Blackwood's and Tait's, 1833–1850

During 1833 the firm of Blackwood came increasingly into the hands of William Blackwood's son Alexander, who was far less tolerant than his father of De Quincey's irregularities and inability to meet deadlines. Friction between author and editor led De Quincey to turn to the liberal Tait's Edinburgh Magazine as a market for his work. A few miscellaneous pieces (‘Kant on the age of the earth’, ‘Mrs Hannah More’, and others) were followed, far more significantly, by ‘Sketches of life and manners; from the autobiography of an English opium-eater’, which began to appear in February 1834. Collectively these recollections, which were to appear sporadically under varying titles until 1839, constitute one of the great nineteenth-century autobiographies. At times frustratingly digressive, they none the less offer an incomparably detailed, thoughtful, and imaginative account of a late eighteenth-century childhood, an upper-class English adolescence, and rich encounters with the literary world of the early nineteenth century. The circulation of Tait's Magazine soared as the series became known.

When Coleridge died in July 1834 it was natural that De Quincey, already well embarked on reminiscence, should turn his long relationship with his fellow opium addict to account, and in September Tait's published the first instalment of a four-part series, ‘Samuel Taylor Coleridge’. The first paper opened memorably with the revelation that Coleridge was a ‘plagiary’, most notably in Biographia literaria, where several pages of literal translation from Schelling had been claimed by Coleridge as original work. De Quincey presented this and other instances of ‘barefaced plagiarism’ as amiable eccentricities on the part of Coleridge, who ‘spun daily and at all hours, for mere amusement of his own activities, and from the loom of his own magical brain, theories more gorgeous by far [than] Schelling … could have emulated in his dreams’. Despite this genial tone, the essay and its sequels, published in November, December, and January, which revealed details about Coleridge's opium addiction and the failure of his marriage, aroused intense indignation among Coleridge's family and friends. The poet's daughter Sara declared herself ‘much hurt’ and his son Hartley, with Southey's encouragement, stated his intention of giving De Quincey a beating. None the less subsequent scholarship has on the whole vindicated De Quincey's account, which remains an essential source for Coleridge's biography. Through the late summer and autumn of 1834, as he completed the essays on Coleridge, De Quincey witnessed the rapid decline and painful death from chloroleukaemia of his eldest son, William, who died on 25 November.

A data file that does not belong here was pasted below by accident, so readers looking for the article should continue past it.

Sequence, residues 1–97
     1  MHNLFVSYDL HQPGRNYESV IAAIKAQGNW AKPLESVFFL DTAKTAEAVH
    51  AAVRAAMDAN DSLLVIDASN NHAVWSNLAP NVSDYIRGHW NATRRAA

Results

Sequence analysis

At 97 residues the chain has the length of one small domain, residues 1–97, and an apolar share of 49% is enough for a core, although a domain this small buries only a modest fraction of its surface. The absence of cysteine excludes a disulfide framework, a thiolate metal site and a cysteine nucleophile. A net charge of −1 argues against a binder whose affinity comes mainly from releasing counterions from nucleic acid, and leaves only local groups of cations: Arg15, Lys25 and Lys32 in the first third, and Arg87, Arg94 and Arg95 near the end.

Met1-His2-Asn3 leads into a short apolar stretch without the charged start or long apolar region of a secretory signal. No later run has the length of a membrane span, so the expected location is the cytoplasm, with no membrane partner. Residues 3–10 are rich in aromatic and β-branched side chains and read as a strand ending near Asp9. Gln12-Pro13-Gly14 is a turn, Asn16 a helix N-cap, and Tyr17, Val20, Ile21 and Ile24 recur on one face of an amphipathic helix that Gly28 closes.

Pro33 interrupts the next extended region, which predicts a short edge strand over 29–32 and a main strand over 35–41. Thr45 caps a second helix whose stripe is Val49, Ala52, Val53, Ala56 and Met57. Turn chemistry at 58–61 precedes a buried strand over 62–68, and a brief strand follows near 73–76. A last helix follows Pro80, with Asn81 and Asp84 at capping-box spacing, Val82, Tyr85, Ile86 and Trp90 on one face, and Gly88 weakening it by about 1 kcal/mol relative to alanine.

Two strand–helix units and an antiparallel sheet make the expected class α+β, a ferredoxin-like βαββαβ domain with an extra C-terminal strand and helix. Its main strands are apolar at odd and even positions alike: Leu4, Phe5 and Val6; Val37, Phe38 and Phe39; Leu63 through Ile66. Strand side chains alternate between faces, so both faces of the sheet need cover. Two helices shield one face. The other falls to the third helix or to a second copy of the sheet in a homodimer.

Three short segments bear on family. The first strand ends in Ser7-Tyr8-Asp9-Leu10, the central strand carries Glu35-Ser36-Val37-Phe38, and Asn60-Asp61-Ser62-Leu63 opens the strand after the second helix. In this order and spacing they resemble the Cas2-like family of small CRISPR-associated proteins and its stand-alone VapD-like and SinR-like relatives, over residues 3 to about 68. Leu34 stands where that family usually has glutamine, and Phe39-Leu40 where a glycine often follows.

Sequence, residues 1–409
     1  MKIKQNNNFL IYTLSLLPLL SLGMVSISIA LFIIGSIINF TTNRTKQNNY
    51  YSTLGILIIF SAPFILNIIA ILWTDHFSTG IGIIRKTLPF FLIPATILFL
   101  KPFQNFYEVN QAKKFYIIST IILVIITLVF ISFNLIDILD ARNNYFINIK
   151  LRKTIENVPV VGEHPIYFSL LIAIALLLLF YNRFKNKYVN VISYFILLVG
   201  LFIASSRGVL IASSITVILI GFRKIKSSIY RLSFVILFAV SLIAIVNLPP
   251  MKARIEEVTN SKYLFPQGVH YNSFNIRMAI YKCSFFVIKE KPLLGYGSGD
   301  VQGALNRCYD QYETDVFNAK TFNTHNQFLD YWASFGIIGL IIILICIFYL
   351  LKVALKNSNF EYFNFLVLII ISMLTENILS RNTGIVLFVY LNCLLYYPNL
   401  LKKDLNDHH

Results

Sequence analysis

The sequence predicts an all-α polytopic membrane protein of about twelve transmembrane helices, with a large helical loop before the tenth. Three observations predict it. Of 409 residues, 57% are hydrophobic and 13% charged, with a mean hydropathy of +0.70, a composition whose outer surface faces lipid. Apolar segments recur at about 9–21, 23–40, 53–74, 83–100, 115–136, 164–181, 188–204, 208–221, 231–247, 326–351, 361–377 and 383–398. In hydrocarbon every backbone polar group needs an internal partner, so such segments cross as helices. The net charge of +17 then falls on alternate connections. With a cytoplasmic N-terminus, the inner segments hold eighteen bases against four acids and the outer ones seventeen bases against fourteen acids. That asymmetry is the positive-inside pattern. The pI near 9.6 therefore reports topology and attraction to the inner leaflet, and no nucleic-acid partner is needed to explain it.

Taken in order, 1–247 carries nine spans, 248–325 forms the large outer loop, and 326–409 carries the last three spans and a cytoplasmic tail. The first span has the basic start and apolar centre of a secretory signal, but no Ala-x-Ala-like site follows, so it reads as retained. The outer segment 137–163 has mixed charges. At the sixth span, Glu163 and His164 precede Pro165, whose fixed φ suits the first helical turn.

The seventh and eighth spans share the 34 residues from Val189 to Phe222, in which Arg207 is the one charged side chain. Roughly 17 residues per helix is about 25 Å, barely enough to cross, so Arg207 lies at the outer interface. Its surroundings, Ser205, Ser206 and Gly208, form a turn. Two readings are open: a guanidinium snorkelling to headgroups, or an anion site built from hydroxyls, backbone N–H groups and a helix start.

Financial troubles continued as usual, hardly mitigated by a small inheritance from his maternal uncle Thomas Penson, and by May 1836 De Quincey and his family were living in the debtors' sanctuary at Holyrood. Autobiographical essays continued to appear sporadically in Tait's, and in July 1837 De Quincey resumed contribution to Blackwood's with ‘Revolt of the Tartars’, an oriental fantasy loosely based on historical sources. A pattern was thus established whereby autobiographical pieces appeared in Tait's while political articles and miscellaneous essays, often ornately written and involving a vein of fantasy, went to Blackwood's—a situation which continued until 1841. His position as contributor simultaneously to both the tory Blackwood's and the Liberal Tait's was remarkable for the period and made both proprietors uneasy. De Quincey's range of interests and his need for money, however, dictated it, and his reputation as a writer now gave him the power to bring editors, however grudgingly, into line. In addition, articles on Pope, Schiller, Shakespeare, and Goethe were contributed to the Encyclopaedia Britannica. None is notable, and the Goethe article is strikingly inadequate, being based solely on Goethe's early autobiography, Dichtung und Wahrheit. The poor quality of the Encyclopaedia pieces may reflect the fact that for much of 1837 Margaret De Quincey was ill with typhus, from which she died on 7 August. De Quincey, a notably affectionate husband, was profoundly saddened by her death and when in 1839 his autobiographical reminiscences reached his Grasmere years, his treatment of Wordsworth was shot through with bitterness at what he believed to have been Wordsworth's snobbish disapproval of his relationship with her.

In January 1840 De Quincey's eldest daughter, Margaret, now twenty-two, began to take charge of her father's affairs and moved the family to Mavis Bush Cottage, Lasswade, 7 miles from Edinburgh. Under Margaret's management the family finances improved and there were no further prosecutions for debt. From this time De Quincey also developed increasingly close friendships with members of both Edinburgh and Glasgow universities. In 1841 he came to know John Pringle Nichol, professor of astronomy at Glasgow, and visited him at the Glasgow observatory. From the conversation of Nichol and others, scientific imagery began increasingly to enter De Quincey's works. Meanwhile, although his historical and political essays continued to appear in Blackwood's, De Quincey quarrelled with Tait over the latter's mode of editing his articles and between February 1841 and September 1845 contributed nothing to Tait's Magazine. In 1842 his second son, Horatio, a lieutenant in the British army, died near Canton (Guangzhou), China, probably of fever.